When it comes to waterfowl hunting, there are many factors that are crucial to having a successful hunt.   I am primarily a field hunter so I believe the two most important factors are scouting and concealment.  When I first started out waterfowl hunting, I could only go to a few places and knew nothing about scouting.  My success rate was quite low to say the least.  Then my crew and I started getting more dedicated and we all put some miles on our vehicles to find that elusive “X”.  Taking the extra time to find the perfect location increased our harvest numbers dramatically—but an important step in finding the right location was checking for a the “hide.” I would ask myself, “What kind of cover are we able to use to stay out of sight and get the birds close?”  There are many ways to disappear from the birds’ keen sight, but when you’re faced with situations where it is tough to hide you have to adapt and find new solutions to the problem.

New to the Game

I got very excited when I learned about the Blind Door Decoys from White Rock Decoys. They now have a full lineup of Blind Door Decoys that include Canada Goose and Mallard models.  These decoys can help solve many issues when it comes to trying to hide a blind.  Their ability to break up an outline, something that can easily stand out in a spread of decoys, is a large advantage.  During the last year or two, the guys I hunt with have played with many different types of set ups sometimes the blinds would be outside of the spread or other times we’d try radical spread formations to help draw the birds’ attention elsewhere.  With these new decoys you can now place yourself just about anywhere in the spread and be well hidden.  They will also help cut down on the time spent brushing in blinds–which is especially great for me because this is my usual job in the field and I am very picky about making sure every blind is invisible.  If you have ever tried to hide 5+ guys in a field, you know this can get rather difficult.  These blind door decoys remove the empty holes from your setup that look unnatural.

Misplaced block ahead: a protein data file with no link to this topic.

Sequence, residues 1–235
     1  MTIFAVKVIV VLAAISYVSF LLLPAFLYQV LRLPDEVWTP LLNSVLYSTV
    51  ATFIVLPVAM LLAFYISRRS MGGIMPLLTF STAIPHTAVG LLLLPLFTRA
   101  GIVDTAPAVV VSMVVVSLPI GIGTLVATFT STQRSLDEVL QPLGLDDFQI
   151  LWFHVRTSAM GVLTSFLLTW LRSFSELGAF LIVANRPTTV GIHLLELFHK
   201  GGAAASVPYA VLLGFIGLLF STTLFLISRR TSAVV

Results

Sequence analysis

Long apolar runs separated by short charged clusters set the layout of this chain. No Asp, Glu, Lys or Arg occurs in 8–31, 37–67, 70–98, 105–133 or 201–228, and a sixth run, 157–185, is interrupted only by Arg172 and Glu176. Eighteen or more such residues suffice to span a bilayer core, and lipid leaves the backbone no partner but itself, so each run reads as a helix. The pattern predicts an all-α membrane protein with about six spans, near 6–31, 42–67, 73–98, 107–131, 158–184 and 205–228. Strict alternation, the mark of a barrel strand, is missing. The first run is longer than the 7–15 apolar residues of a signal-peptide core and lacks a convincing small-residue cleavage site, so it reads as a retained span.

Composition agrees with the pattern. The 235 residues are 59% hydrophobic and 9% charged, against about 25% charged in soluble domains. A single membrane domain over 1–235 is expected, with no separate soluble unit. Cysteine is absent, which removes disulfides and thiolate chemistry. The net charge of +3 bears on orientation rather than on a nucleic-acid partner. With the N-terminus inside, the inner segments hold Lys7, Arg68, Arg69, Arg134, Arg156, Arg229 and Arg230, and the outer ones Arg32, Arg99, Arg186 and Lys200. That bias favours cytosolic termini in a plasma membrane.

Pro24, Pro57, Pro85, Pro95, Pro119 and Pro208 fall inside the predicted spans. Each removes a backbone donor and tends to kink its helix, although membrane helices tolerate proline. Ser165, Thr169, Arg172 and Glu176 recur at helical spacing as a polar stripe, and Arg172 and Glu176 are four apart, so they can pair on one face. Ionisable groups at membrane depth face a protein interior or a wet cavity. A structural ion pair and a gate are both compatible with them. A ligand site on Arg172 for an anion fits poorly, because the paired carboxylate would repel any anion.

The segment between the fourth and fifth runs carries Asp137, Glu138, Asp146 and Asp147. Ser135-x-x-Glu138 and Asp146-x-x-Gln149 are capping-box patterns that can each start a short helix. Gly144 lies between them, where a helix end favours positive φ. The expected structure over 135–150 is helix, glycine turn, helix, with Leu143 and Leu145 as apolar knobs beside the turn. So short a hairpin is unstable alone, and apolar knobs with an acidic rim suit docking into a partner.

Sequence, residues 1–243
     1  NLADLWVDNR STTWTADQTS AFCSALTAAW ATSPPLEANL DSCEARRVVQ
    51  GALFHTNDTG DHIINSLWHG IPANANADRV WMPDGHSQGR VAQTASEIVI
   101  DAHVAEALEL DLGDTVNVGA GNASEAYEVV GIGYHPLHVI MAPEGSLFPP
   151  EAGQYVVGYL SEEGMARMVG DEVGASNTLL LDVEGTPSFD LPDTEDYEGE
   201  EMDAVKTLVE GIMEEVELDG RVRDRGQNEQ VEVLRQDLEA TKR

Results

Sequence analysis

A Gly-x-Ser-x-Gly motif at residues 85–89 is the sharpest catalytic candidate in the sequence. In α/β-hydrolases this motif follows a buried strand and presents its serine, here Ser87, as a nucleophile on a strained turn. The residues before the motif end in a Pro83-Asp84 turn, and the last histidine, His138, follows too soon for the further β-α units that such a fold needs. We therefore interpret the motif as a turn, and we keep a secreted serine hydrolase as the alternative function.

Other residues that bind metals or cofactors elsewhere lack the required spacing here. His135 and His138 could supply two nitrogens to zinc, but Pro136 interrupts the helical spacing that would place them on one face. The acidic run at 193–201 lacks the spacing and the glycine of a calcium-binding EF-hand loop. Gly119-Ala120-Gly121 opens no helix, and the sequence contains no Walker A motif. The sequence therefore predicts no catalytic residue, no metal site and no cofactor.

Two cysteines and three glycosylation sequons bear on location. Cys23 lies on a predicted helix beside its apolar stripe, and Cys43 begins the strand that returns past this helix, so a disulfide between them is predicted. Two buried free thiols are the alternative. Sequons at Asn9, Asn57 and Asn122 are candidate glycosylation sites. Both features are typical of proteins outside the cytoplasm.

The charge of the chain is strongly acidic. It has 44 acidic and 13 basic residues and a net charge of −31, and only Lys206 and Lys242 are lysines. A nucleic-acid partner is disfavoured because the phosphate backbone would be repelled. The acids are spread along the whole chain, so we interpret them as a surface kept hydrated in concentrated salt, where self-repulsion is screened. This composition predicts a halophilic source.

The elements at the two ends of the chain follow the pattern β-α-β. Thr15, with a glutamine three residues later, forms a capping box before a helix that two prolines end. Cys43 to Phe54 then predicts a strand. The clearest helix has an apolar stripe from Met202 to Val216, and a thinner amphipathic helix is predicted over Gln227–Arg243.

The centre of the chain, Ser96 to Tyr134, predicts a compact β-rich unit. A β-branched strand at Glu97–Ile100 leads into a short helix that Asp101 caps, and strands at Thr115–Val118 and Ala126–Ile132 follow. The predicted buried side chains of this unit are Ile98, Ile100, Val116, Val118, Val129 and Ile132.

I’m also excited about White Rock’s new field Canada Goose and Mallard decoys.  Having the ability to set up, maneuver, and take down a spread is a huge bonus when it comes to field hunting and these decoys give you all three of those things.  We hunted a field last year at least 12 times within a couple weeks only because we had a system down:  set up, shoot our birds, pick up, and get out as soon as we could to let the late arrival birds get to the field and have it all to themselves.  These field decoys are the little difference that will make the season better.

If you want to check out these decoys in-person, come join us at the Game Fair August 15-17th!  Or, as always you can find these awesome decoys on our site!

Brian Cote is a website administrator at krugerfarms.com and a devoted outdoorsman.  He’s eager to take up any opportunity to hunt waterfowl, deer and turkeys in the Midwest region. You can follow him on Twitter @BrianJr22 and find him on Facebook facebook.com/brian.cote.148.

Blind Door Decoys